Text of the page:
What is the difference between EDS and WDS?

Energy dispersive spectrometers (EDS) sort the X-rays based on their energy; while wavelength dispersive spectrometers (WDS) sort the X-rays based on their wavelengths. WDS systems use X-ray diffraction as the means by which they separate X-rays of different wavelengths.

What is a SEM analysis?

Scanning Electron Microscopy, or SEM analysis, provides high-resolution imaging useful for evaluating various materials for surface fractures, flaws, contaminants or corrosion.

What is scanning electron microscope?

A scanning electron microscope (SEM) scans a focused electron beam over a surface to create an image. The electrons in the beam interact with the sample, producing various signals that can be used to obtain information about the surface topography and composition.

What type of microscope is a microprobe?

Because the electron microprobe is essentially a specialized scanning electron microscope, it can also be used to collect electron images. Secondary electron images (SEI) are used primarily to reveal surface features and morphology.

What does WDS measure?

Wavelength-dispersive X-ray spectroscopy (WDXS or WDS) is a non-destructive analysis technique used to obtain elemental information about a range of materials by measuring characteristic x-rays within a small wavelength range.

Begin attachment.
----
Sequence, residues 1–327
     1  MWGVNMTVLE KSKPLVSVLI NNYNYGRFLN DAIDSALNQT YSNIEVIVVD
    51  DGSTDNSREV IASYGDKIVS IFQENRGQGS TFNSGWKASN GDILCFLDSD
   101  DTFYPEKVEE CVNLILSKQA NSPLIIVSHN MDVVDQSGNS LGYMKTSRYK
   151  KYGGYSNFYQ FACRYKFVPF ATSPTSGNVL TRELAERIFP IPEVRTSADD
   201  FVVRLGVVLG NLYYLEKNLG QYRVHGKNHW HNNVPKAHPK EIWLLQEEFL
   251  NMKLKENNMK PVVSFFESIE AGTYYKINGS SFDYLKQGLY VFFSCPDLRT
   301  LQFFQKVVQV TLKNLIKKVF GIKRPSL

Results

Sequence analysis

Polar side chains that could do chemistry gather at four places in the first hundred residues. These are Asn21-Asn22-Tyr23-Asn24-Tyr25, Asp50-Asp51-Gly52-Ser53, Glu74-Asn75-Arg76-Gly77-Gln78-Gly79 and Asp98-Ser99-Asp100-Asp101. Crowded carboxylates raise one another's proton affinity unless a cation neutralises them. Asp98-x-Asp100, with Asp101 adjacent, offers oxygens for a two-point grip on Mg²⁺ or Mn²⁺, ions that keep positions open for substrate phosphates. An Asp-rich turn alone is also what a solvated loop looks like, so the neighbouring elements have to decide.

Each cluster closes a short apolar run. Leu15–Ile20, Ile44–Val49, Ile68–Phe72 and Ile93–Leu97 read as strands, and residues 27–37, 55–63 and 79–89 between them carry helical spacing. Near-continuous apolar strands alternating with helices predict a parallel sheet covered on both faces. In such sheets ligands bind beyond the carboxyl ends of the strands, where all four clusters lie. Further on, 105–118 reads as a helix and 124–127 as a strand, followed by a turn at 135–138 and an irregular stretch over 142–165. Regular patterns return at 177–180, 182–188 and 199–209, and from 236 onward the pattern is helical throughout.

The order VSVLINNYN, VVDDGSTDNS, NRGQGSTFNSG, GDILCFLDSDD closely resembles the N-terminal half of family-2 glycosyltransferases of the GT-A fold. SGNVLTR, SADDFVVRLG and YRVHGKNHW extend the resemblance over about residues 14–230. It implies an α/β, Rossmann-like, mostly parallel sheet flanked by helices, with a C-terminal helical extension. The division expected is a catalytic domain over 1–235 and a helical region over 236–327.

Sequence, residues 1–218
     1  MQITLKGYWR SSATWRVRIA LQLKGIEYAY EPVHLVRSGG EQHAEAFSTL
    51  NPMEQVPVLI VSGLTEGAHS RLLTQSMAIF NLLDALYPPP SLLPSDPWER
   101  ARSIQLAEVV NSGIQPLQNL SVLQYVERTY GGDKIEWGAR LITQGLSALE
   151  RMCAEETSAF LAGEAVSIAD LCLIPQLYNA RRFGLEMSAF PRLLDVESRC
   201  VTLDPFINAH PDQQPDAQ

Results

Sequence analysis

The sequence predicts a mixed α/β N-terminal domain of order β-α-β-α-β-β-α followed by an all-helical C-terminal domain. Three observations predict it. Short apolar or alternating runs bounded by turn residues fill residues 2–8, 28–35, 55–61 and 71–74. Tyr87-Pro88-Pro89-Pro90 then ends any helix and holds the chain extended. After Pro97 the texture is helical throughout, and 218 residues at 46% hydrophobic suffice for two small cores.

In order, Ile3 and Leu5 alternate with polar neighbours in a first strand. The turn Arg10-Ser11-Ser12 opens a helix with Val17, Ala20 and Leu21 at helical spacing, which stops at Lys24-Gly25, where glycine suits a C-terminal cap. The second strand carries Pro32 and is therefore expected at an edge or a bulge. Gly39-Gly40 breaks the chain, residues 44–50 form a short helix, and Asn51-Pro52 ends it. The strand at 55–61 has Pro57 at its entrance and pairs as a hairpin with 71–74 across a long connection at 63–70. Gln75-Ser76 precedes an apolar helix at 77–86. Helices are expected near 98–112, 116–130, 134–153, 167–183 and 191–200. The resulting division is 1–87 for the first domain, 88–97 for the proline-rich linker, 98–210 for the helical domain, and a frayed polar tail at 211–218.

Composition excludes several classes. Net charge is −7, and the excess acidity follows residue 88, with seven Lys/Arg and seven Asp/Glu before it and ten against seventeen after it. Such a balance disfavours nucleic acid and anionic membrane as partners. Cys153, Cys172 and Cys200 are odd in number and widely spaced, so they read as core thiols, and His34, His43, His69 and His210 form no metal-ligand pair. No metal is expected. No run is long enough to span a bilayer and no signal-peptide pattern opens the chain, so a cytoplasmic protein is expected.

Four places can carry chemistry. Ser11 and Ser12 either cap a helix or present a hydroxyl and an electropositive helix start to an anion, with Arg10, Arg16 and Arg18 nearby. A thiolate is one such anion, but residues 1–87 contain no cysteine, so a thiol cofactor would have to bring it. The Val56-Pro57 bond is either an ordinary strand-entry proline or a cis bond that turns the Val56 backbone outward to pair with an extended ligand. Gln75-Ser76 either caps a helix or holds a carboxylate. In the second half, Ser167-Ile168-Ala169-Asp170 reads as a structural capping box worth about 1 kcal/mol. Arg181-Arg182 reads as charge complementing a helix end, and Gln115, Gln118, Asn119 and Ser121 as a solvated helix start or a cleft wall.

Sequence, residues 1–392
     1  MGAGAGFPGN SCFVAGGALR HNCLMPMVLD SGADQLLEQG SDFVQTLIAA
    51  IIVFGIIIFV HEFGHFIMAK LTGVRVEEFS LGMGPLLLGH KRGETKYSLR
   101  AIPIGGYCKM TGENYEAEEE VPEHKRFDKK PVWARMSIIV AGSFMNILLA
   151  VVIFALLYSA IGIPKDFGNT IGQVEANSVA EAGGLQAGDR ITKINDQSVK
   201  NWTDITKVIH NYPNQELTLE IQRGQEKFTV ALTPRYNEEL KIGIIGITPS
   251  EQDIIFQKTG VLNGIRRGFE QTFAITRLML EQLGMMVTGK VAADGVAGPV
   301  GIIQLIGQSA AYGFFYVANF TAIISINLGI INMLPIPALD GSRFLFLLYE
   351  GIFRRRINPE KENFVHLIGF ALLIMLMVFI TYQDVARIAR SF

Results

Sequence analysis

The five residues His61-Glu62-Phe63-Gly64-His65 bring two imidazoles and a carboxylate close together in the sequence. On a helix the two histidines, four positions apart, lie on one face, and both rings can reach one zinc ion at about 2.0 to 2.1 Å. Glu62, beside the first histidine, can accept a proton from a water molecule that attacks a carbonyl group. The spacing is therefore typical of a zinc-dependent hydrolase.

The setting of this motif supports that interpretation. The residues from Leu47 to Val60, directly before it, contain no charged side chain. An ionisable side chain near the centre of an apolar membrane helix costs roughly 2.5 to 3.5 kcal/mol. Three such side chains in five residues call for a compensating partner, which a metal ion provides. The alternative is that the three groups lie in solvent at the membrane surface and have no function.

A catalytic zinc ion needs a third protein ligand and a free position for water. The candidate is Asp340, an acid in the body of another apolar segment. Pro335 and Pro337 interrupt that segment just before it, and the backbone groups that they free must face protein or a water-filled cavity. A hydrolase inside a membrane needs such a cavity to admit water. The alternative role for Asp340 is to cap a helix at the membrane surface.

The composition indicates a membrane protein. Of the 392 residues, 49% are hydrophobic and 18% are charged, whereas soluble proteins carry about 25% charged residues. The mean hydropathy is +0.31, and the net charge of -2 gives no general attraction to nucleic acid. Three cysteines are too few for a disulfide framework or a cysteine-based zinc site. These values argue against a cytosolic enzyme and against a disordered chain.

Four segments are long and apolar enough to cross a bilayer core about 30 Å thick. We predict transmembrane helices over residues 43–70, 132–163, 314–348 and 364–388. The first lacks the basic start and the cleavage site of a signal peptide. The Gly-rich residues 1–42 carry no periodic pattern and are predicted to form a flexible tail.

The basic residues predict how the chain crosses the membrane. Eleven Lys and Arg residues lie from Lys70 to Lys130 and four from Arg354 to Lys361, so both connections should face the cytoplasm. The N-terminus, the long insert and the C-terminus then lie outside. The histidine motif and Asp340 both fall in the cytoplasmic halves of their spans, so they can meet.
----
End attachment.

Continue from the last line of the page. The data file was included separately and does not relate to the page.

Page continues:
Why is WDS better than EDS?

For quantification purposes WDS is always better: much better energy/wavelength resolution, much better peak/background ratio. Energy shifts (chemical shifts) are determined by interaction of electrons with specimens, WDS is just better suited for their detection. So, both accuracy and precision are better for WDS.

Why is AES surface sensitive?

Surface sensitivity in AES arises from the fact that emitted electrons usually have energies ranging from 50 eV to 3 keV and at these values, electrons have a short mean free path in a solid. ... Because of the low energy of Auger electrons, most AES setups are run under ultra-high vacuum (UHV) conditions.

What is the function of TEM?

The transmission electron microscope is used to view thin specimens (tissue sections, molecules, etc) through which electrons can pass generating a projection image. The TEM is analogous in many ways to the conventional (compound) light microscope.

What is cathodoluminescence spectroscopy?